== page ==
"Consciousness and self-understanding are not epiphenomenal — they are not merely supervening or reacting to a more basic bio-technological base—human consciousness and self-understanding are driving the global crisis at all levels. So it is conscious evolution from here on out: we are able to know and do too much to pretend otherwise; we must consciously orchestrate the future of the planet and the biosphere. Our generation is in an unprecedented position to take responsibility for participating in profoundly generative and destructive evolutionary crises. The question is: can we understand our crises in cosmic context, as opportunities for the emergence of the unprecedented, and as invitations into a higher form of life? To do so we must come to see that the evolution of the universe and biological life is not a fact, it is a story. Evolution is a story about us, who we are, and what we are going through now. The universe itself is a best understood as a story, not as a mere fact. The universe is a love story. Like all true love stories (and unlike harlequin romances or romantic comedies) it has been as story of profound crisis, cataclysm, tragedy, hope, emergence, and creativity."

- Zachary Stein and Marc Gafni [5]

From Reduction to Emergence

“The emerging new scientific conception of life…can be seen as part of a broader paradigm shift from a mechanistic to a holistic and ecological worldview. At its very core we find a shift of metaphors that is now becoming ever more apparent…a change from seeing the world as a machine to understanding it as a network. During the twentieth century, the change from the mechanistic to the ecological paradigm proceeded in different forms and at different speeds in various scientific fields. … The basic tension is one between the parts and the whole. The emphasis on the parts has been called mechanistic, reductionist, or atomistic; the emphasis on the whole holistic, organismic, or ecological. In twentieth-century science, the holistic perspective has become known as ‘systemic’ and the way of thinking it implies as ‘systems thinking’…” (p. 4).

- The Systems View of Life: A Unifying Vision, by Fritjof Capra and biochemist Pier Luigi Luisi [6]


New section, created March 9, 2023, on the Organicist philosophical and metaphysical approach.

  • Before the victory of the modernist mindset of separation and atomization, the Renaissance had attempted the construction of a participatory worldview, which Loren Goldner calls the Cosmobiological Tradition.

  • Robert Hanna and Otto Paans, relate a similar trajectory of philosophy under the name of Organicism, and more specifically, Expressive Organicism. Prominent formulations of this philosophy come from philosophers like Edmund Husserl, Henri Bergson, but especially the process philosophy of Whitehead.

See: Robert Hanna on Defining and Defending Human Dignity

  • We also include attention to non-European trends such as the Organic Marxism in China, which seeks a blend of both traditional and modern Chinese philosophy (i.e. Confucianism, Taoism but also Open Marxism) while including the kind of Marxism still functioning in China; Thinkers like Zhihe Wang, Huili He and Meijun Fan consider Whitehead's Process Philosophy to originate the fork of Constructive Postmodernism; alternatively, the Mesology of Augustin Berque, which is entirely a philosophy of relations, is inspired by trends in Japanese philosophy.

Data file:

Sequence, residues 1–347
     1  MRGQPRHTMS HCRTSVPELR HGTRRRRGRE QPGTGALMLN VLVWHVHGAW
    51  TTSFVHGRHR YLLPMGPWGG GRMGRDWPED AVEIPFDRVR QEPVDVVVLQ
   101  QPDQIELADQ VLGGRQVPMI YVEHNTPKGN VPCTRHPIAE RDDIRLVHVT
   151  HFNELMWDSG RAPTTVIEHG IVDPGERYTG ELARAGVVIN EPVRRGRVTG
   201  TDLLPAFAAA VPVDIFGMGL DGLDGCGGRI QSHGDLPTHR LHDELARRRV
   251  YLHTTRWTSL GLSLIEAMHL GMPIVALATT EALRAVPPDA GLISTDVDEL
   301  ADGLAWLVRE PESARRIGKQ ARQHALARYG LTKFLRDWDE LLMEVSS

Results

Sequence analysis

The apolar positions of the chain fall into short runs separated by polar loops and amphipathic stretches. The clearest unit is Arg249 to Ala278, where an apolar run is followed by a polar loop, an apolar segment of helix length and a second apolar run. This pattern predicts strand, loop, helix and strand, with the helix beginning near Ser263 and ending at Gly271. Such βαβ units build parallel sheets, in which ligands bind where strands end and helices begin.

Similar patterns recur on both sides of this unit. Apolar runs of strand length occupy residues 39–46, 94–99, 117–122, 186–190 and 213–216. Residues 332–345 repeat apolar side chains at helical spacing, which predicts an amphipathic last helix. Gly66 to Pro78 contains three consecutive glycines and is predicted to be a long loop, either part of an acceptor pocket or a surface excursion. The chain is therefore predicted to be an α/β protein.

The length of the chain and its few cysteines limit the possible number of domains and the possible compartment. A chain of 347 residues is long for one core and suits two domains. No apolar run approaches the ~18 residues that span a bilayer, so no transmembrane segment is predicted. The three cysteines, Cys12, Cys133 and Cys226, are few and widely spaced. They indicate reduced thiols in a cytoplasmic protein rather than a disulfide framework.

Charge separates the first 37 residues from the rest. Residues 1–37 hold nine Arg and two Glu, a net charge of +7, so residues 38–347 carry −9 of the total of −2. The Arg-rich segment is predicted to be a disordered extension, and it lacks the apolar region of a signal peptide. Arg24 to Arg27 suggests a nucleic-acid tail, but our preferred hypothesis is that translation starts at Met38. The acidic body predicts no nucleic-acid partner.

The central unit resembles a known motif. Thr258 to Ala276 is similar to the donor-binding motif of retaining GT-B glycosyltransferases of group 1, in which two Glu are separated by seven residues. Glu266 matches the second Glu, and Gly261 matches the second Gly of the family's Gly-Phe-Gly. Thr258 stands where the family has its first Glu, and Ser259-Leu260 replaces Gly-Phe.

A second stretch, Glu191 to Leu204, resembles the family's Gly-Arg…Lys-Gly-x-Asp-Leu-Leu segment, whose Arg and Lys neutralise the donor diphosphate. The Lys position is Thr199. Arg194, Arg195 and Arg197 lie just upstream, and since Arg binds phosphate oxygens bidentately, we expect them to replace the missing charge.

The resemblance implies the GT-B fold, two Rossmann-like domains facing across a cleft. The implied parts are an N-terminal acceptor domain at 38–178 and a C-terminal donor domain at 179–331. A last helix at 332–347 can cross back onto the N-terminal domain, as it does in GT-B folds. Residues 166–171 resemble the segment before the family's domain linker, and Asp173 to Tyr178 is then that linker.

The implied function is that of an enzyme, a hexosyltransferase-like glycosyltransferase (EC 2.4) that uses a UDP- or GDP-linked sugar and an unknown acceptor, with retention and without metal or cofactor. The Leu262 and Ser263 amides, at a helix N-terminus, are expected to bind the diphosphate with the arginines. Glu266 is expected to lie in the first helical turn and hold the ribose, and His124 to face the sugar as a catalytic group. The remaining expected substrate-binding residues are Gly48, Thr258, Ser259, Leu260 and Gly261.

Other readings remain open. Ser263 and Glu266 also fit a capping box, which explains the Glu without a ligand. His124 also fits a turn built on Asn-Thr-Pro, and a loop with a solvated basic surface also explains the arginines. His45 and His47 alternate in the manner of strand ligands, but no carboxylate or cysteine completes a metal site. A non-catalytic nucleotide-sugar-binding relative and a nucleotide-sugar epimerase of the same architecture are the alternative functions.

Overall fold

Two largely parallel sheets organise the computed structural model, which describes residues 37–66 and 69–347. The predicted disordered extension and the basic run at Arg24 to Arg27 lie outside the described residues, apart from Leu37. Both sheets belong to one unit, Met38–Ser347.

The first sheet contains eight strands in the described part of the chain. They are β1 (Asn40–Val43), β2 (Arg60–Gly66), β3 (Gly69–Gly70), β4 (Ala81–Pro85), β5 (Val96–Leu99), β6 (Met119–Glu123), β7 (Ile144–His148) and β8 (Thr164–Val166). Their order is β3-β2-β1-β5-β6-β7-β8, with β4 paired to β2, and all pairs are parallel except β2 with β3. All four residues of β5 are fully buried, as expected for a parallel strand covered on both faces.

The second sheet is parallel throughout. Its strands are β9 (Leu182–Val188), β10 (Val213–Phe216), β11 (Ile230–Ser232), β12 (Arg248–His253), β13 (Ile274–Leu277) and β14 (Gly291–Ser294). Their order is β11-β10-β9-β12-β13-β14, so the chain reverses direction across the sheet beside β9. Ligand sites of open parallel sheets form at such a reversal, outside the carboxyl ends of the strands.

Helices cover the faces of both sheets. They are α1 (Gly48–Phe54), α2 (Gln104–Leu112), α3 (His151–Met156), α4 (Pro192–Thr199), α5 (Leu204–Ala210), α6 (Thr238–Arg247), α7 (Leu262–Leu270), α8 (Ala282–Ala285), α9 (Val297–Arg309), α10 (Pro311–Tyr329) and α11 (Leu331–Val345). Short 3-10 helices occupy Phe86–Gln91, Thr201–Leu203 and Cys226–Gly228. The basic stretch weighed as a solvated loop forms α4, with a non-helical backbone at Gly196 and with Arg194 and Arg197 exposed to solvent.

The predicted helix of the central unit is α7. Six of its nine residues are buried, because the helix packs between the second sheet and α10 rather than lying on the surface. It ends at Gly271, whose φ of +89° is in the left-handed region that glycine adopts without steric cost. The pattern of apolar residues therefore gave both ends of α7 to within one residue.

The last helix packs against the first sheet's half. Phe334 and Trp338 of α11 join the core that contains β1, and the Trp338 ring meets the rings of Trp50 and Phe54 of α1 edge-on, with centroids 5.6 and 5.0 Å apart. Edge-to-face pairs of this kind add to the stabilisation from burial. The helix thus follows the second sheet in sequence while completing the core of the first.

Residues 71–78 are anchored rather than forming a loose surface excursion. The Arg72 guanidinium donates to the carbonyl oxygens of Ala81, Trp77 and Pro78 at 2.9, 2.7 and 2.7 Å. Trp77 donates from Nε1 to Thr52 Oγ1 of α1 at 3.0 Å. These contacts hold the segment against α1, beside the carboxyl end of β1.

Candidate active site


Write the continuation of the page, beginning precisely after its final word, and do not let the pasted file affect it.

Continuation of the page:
See: Second Enlightenment as an Aesthetic Enlightenment

  • Given the orientation of this wiki towards peer to peer and commons-oriented relational logics, this section will also cover Relational philosophies.

As usual, listing in this wiki is done under a philosophy of pluralistic curation and does not mean an endorsement. However, we do feel, at this stage of our inquiry and mapping, that the Organicist tradition is the most compatible approach to a relational philosophy in harmony with our commons approach.

Essentially, what binds the elements of the organicist philosophy together is the critique of the Cartesian and mechanistic worldview, and the Eight_Core_Commitments_of_Mainstream_Contemporary_Western_Metaphysics.

Some additional approaches:

Related Sections:

  • In our section on Civilizational Analysis, we pay attention to approaches that link societal evolution, to the evolution of human consciousness, including those that take seriously the data from the mystical tradition and connection to the 'ground of being', for example, the Sophiological tradition:


D: From Human Dignity to Cosmic Dignitarianism

Please read: Robert Hanna on the Distinction Between Identitarianism and Dignitarianism; and: Solidarity vs Identitarian-Based Relationships

  • The basic concepts of organicist Dignitarianism:
  1. Cosmic Dignitarianism
  2. Human Dignity

H: History

Q: Quality / Purpose / Telos / Value

T: Thought-Shapers

  • An introduction to the Theory of Thought-Shapers: "Thought-shapers are essentially non-conceptual contents that operate in the construction of mental imagery and thought by arbitrarily picking out some topological and/or processual properties, and subsequently exaggerating or diminishing their presence."

According to Robert Hanna and Otto Paans et al. "In our view, only organicism is a philosophically, scientifically, artistically, morally, and socio-politically fully adequate worldview, and therefore only its root metaphor—the organism — is a fully generative thought-shaper. As a consequence, the root metaphors associated with animism, mysticism, formism, mechanism, and contextualism are all, to some degree, constrictive thought-shapers; and the natural automaton or natural machine, the root metaphor associated with the mechanistic worldview, is the most constrictive."

See: Constrictive vs. Generative Thought-Shapers

See also for related material:

  1. Religious Ground Motives Behind Human Thought, by Herman Dooyeweerd (i.e. Transcendental Pragmatism)
  2. The Root Metaphor Theory in the Fourfold World Hypotheses Model of Stephen Pepper which distinguishes Formism (similarity), Mechanism (machine), Contextualism (historical act) and Organicism (living system)

T: Transculturalism

Arran Gare:

As opposed to the transculturalism ... assert their own cultural values against others. Transculturalism advances dialogue; multiculturalism precludes it." [8]

Key Resources

Key Articles

  • "We have to ground our understanding of machines and intelligence in evolutionary thought": Article by Daniel Paski [9]

Key Books



The Sophianic / Sophiological and Cosmobiological Traditions

A tradition that 'sacralizes' the material world.

  • Sergei Bulgakov

From the materialist tradition, a quite similar argument and approach:

Pages in category "Cosmobiological"

The following 96 pages are in this category, out of 96 total.